All-Star Rodents We're Celebrating For The Year Of The Rat

This Chinese New Year falls on Saturday, January 25, 2020 kicking off the Year of the Rat. Here are a few rats whose honorable service or winning personalities might help you recover from your musophobia (fear of rodents) and put you in the mood to celebrate the often-misunderstood rodents.

By Austin Bailey

January 24, 2020

A rat stuck in the grate of a manhole cover looks directly into the camera. She is too fat around the middle to get out so she is stuck and irritated about it, but unhurt. Image by Berufstierrettung Rhein Neckar.
This rat famously misjudged her expanding midsection and won the internet's heart in 2019 when she became stuck in a manhole cover in Bensheim, Germany and had to be rescued by local firefighters. Image via Berufstierrettung Rhein Neckar.

This Chinese New Year falls on Saturday, January 25, kicking off the Year of the Rat. It may sound inauspicious at first, but children born under the sign of the rodent have no reason to hang their heads. Rats are considered symbols of wit, intelligence and abundance in the Chinese zodiac.

While they get a bad rap for spreading filth and disease, there are a few rats whose honorable service or winning personalities might help you recover from your musophobia (fear of rodents) and put you in the mood to celebrate Chinese New Year.

a HeroRAT performs a land mine test by sniffing the ground to detect TNT. Trained rats have proven to be more effective than metal detectors in finding abandoned landmines.
a HeroRAT performs a land mine test by sniffing the ground to detect TNT. Trained rats have proven to be more effective than metal detectors in finding abandoned landmines.Image via APOPO.org
Long-Tailed Landmine Detectors

The giant African pouched rat is proving that, in many ways, rats are the heroes we all deserve. Tanzania-based nonprofit, APOPO, is training these particular rodents to sniff out abandoned explosives and detect deadly diseases. According to the organization's website,  "hidden landmines remain in 60 countries and states around the world." Not only do these explosives kill and maim civilians indiscriminately, but they also hamper development in already war-damaged areas. Dubbed HeroRATS, APOPO's specially trained rats can sniff out explosives with more accuracy than a metal detector while lightly skimming across the ground without activating the mines. 

Still other HeroRats work to sniff out tuberculosis. A single rat can check 100 samples in about 20 minutes, a task that would take a human technician 4 days to complete. 

Rats learned to cruise in these bespoke rodent-sized cars for Froot Loops
Rats learned to cruise in these bespoke rodent-sized cars for Froot Loops. Image by Kelly Lambert via The University of Richmond

Joy-Riding Rodents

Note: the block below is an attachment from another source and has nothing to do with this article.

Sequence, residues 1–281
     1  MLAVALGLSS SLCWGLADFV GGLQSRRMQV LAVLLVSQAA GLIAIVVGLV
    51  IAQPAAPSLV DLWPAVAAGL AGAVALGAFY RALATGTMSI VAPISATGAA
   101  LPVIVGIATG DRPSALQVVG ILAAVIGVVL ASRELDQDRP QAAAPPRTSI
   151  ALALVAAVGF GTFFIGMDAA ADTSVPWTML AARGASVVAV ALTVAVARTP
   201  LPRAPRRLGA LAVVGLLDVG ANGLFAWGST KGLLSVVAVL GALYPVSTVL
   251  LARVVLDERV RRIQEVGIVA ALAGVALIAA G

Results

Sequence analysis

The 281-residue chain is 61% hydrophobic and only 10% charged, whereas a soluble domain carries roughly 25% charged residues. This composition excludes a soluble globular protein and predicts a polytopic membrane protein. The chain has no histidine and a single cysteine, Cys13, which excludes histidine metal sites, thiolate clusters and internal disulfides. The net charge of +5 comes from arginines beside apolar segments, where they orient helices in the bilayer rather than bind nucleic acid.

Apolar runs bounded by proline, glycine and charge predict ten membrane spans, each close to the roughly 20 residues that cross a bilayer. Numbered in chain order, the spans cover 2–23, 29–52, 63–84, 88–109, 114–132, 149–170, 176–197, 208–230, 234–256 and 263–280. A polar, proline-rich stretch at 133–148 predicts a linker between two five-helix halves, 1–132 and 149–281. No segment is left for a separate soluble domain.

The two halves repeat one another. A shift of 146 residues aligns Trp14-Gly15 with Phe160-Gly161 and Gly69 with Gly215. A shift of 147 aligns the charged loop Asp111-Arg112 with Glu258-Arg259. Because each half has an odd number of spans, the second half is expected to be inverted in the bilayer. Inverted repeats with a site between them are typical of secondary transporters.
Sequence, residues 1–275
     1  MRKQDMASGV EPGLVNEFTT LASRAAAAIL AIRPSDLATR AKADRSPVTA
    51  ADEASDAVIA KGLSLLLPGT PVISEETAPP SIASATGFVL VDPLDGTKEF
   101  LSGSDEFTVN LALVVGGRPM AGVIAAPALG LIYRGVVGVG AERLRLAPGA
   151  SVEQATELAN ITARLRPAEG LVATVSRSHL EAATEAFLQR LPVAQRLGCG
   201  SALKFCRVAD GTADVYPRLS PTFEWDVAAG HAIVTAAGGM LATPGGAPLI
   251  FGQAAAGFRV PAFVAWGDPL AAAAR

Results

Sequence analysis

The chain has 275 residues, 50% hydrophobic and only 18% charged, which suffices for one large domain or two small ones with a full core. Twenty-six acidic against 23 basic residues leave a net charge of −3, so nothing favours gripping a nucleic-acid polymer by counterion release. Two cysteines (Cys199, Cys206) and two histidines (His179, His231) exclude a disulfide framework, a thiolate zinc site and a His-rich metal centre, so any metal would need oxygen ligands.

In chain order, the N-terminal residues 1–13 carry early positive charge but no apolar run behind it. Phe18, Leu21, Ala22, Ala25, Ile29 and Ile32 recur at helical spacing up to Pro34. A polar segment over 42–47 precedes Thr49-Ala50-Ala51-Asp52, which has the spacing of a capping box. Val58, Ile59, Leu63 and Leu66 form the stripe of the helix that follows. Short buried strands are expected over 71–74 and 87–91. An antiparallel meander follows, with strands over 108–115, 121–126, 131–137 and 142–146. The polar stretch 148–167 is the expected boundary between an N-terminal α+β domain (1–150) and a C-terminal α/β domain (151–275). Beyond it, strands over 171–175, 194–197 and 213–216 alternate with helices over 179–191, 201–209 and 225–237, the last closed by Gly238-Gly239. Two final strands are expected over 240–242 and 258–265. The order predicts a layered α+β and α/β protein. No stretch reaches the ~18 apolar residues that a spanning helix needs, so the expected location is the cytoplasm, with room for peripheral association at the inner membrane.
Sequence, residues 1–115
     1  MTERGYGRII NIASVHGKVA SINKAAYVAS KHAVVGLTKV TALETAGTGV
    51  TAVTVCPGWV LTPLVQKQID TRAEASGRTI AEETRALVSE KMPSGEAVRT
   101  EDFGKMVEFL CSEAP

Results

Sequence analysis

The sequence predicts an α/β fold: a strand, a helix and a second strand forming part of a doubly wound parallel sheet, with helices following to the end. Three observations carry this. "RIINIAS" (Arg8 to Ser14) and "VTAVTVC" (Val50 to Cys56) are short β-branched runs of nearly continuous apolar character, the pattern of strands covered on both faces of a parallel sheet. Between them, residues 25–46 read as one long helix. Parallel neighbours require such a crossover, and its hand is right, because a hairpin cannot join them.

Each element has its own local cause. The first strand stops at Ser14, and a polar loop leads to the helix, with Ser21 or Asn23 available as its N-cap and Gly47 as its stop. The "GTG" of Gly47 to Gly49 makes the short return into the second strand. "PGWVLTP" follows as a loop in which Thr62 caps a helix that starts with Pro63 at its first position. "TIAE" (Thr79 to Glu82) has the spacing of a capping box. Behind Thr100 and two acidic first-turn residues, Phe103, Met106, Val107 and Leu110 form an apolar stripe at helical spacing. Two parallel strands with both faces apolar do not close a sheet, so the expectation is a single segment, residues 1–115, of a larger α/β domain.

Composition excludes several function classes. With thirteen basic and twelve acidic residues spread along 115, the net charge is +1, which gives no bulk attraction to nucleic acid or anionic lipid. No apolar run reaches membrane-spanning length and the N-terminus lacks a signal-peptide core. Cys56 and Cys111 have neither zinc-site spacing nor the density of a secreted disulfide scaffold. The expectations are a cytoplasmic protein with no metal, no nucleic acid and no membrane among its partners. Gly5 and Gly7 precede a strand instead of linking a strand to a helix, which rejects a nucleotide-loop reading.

Rats' smarts don't stop at the end of a maze. Recent studies show that, in addition to showing empathy and fantastic puzzle-solving skills, rats can also drive tiny rat-sized cars when properly motivated (specifically. .. with Froot Loops).   As a bonus: the scientists discovered that the rats actually enjoyed driving! Those who obtained their tiny learners permits experienced less stress and better moods than those without wheels.  

 

A woman with two rats on her shoulders
Rats!

Man's REAL Best Friend

Humans and rats practically cohabitate (the conventional wisdom goes that there’s always a rat close by, you just don’t know it), so it makes sense that our two species have adapted to get along. People who keep rats as pets liken them to low-maintenance dogs who cuddle and play, but don’t require daily walks.

Even if you’re not so up close and personal, you can probably find some common ground with these highly relatable rodents. I’m talking, of course, about Pizza Rat, the crafty New York subway dweller caught stealing a late-night slice. Also the fat rat of Bensheim-Auerbach whose extra layer of winter flab got her stuck in the grate of a manhole cover. She was eventually rescued by firefighters, but not before photos and videos of her humiliation spread far and wide.

 The Other, Other White Meat

a large brown rodent looks into the camera
A greater cane rat or "grasscutter" looks on in his pen. Photo by James Grooves.

Heifer International provides the livestock farmers choose to work with, and sometimes, that means rats. Specifically, the greater cane rat, although “grasscutter” is the preferred name. Prized throughout West Africa for their sweet meat, grasscutters were once caught in the wild but are increasingly being farmed. You can help farmers around the world cultivate crops and livestock that are culturally and ecologically appropriate.